METRON­OMY

That’s how Bri­tish elec­tron­ica act Metron­omy is mar­ket­ing their new al­bum. Marc An­drews met with the band’s Joseph Mount to talk psychedeli­cs, remixes and the ho­mo­eroti­cism of boy racers.

DNA Magazine - - CONTENT -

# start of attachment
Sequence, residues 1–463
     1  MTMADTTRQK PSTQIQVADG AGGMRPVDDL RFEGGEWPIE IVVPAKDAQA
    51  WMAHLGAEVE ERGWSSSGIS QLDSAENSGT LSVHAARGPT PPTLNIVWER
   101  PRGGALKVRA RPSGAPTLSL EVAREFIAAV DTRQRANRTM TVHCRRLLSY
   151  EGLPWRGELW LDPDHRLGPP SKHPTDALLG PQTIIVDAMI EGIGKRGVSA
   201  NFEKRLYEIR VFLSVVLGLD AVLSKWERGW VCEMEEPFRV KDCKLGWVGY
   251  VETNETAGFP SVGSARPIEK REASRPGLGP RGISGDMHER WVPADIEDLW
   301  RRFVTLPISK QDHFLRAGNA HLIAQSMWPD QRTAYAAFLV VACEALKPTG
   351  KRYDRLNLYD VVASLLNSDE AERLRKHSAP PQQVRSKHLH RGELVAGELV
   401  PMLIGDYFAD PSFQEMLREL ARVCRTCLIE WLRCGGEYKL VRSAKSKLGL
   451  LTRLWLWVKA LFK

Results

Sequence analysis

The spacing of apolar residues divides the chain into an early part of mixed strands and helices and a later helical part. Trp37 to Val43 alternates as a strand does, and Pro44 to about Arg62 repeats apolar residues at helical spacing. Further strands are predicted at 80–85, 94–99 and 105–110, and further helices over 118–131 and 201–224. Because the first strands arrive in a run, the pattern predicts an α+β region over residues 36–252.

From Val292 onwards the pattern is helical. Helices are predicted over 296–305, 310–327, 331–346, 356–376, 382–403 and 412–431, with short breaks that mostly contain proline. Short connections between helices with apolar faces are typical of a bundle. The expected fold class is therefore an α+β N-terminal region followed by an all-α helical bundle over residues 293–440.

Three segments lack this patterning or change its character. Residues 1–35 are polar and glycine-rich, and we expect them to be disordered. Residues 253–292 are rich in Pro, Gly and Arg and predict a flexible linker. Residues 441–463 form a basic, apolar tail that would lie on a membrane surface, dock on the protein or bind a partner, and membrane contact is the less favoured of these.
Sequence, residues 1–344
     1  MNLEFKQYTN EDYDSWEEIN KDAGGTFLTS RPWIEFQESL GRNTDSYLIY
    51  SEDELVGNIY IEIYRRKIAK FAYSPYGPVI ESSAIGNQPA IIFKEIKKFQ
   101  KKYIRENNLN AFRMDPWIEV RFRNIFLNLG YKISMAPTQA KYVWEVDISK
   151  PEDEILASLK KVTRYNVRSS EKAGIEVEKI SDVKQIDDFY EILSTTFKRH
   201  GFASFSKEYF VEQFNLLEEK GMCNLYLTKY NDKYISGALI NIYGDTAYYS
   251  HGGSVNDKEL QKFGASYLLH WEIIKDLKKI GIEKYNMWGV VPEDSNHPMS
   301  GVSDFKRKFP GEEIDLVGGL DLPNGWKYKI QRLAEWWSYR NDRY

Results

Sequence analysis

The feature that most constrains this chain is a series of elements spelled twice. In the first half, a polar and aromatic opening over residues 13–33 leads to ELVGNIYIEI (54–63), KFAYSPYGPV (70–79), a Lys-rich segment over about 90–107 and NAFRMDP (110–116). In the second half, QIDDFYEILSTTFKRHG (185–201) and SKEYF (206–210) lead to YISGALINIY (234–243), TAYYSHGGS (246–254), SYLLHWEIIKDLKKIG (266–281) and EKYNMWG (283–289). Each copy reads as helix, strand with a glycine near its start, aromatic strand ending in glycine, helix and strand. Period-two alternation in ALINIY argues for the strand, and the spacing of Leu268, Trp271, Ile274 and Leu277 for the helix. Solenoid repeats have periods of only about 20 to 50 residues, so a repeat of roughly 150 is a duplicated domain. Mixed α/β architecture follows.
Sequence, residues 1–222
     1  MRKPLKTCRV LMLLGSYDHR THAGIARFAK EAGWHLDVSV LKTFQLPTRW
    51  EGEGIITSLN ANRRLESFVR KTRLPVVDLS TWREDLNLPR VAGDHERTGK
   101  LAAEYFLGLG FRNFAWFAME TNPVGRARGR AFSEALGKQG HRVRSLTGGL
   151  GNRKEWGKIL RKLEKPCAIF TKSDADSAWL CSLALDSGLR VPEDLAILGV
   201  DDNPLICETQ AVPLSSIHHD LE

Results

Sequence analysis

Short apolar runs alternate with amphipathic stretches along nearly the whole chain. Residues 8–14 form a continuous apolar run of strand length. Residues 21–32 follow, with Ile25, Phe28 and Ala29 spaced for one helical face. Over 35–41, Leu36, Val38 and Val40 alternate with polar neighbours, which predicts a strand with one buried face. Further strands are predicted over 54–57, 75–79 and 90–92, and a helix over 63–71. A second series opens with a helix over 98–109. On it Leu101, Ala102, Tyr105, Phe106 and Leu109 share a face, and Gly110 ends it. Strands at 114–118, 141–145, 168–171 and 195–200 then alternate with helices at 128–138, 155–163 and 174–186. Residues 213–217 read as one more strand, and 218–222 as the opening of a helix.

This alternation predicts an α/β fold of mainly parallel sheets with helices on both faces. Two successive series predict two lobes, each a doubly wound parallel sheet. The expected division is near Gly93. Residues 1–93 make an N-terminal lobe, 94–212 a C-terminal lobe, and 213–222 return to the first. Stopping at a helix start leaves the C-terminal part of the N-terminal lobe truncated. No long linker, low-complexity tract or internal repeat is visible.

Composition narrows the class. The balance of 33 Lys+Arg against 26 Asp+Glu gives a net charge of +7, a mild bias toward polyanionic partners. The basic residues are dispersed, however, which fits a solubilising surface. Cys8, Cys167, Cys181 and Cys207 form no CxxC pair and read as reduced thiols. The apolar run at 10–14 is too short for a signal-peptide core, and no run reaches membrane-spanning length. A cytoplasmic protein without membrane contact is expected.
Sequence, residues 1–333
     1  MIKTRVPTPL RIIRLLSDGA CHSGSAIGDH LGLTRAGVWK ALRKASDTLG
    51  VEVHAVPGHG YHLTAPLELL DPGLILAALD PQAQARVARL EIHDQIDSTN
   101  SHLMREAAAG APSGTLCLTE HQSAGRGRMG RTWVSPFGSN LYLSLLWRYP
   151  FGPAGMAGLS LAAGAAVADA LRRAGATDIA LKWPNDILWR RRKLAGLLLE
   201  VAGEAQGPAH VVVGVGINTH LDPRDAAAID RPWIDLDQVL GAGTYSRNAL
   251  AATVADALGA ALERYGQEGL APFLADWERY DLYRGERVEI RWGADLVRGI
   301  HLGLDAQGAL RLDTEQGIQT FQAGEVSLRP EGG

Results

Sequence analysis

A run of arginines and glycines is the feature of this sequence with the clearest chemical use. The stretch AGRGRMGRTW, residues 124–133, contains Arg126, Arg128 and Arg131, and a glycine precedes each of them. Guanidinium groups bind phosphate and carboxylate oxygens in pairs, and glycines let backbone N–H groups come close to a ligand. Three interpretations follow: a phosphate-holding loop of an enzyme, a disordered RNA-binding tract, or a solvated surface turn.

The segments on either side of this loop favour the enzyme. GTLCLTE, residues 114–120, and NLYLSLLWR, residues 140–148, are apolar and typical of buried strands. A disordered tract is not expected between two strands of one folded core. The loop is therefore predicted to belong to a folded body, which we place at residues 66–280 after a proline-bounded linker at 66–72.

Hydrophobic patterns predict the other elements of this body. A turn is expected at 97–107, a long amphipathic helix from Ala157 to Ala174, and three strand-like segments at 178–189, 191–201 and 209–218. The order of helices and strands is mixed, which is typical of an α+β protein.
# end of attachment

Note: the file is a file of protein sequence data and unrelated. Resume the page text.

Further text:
DNA: How many times have you toured Aus­tralia now? Joseph Mount: Four or five times. A lot of English people go all that dis­tance to find some­thing sim­i­lar to what they left and the amaz­ing thing about be­ing in a band is that you get to go there with­out re­al­is­ing how much money it is cost­ing. I love Aus­tralia. It is such a nice place and ev­ery­one is so wel­com­ing. My im­pres­sion is to­tally pos­i­tive, apart from the bo­gans [laughs]. I’m very ex­cited to come back in July. Your fourth al­bum, Love Letters, was just re­leased. It’s ex­cit­ing to be back in the game. For the past year I have been record­ing and get­ting more ex­cited about putting out this record, so I’m ready for it. Whether I’ll get bored or not af­ter a few months I don’t know yet [laughs]. Does the al­bum ti­tle sug­gest Metron­omy is head­ing more in a pop di­rec­tion? In a way it was a throw­back to ’60s pop records, which were slightly psy­che­delic. The sound of this record is in­flu­enced by that type of mu­sic more than our pre­vi­ous al­bums. For me it never feels like it changes that dras­ti­cally, but I can guar­an­tee that for any­one lis­ten­ing it will feel like a shift from what has gone be­fore. Even the al­bum art­work has more than a hint of psychedeli­a. Yeah [laughs], I guess it’s all point­ing in that di­rec­tion. The nice thing is that the al­bum is not a cliché psy­che­delic thing. It’s sur­pris­ingly sparse. What about the track Boy Racers – that sounds quite ho­mo­erotic! [Laughs] I wanted to do a song that was about boy racers. When I started driv­ing in a ru­ral town you get these boys with these crappy cars try­ing to make them loud and stuff, revving their en­gines at each other. Now it’s quite clear that there is some­thing of boys show­ing off to each other – show­ing their feath­ers or what­ever you want to call it. There’s no lyrics or singing on it, so it’s more at­mo­spheric. I’m Aquar­ius is the first sin­gle – is there a hippy vibe to it? I wanted lit­tle bits of this record to be in­flu­enced by that stuff. I’ve al­ways liked those tracks from that era, which are about astrol­ogy. Your record com­pany feels this is the al­bum to take you from the un­der­ground to ma­jor chart suc­cess. I al­ways just get on with it and put much more pres­sure on my­self to im­prove and write good records than any la­bel or man­age­ment per­son does. They are quite ex­cited about it, which is them putting pres­sure on them­selves. Are you con­tin­u­ing with your remix work along­side band du­ties? I have put that to the side be­cause it serves a good pur­pose for a while and then you be­come more in­ter­ested in real col­lab­o­ra­tions than remixes. The last one I did was the Lady Gaga one from that al­bum she did [laughs]. The song was You And I. Not many people can say they remixed ev­ery­one from Gold­frapp to Lady Gaga! Yeah. For the Lady Gaga one I did it more than any­thing to have done some­thing that was in her crazy world. I fig­ure in 20 years’ time it must be of in­ter­est to my chil­dren. Gaga has a very strong vis­ual im­age, what about Metron­omy? It’s al­ways a work in progress. For this tour we are go­ing to try and nail it. You have pho­tos taken now when you are be­ing quite causal and then you re­alise they are go­ing to live for­ever through the in­ter­net. All the vis­ual stuff is what’s left be­hind so it’s quite im­por­tant. Bands from that 1960s era were wear­ing nice suits so we’re go­ing to try and smarten up. What’s your mes­sage to the read­ers of DNA about Love Letters? My mes­sage would be that this al­bum is for all colours and all lovers. The love letters are writ­ten to ev­ery sin­gle one of the gay boys of Aus­tralia [laughs]. You sweet talker! Ha! Yes, I re­alise it is a lu­cra­tive mar­ket! I hope the record la­bel is right and ev­ery­one does get into it. Ir­re­spec­tive, we will be out there play­ing. With your tops off on stage? Maybe not me, but the oth­ers I’m sure [laughs]. They have bet­ter bod­ies and are more body­con­scious than me.

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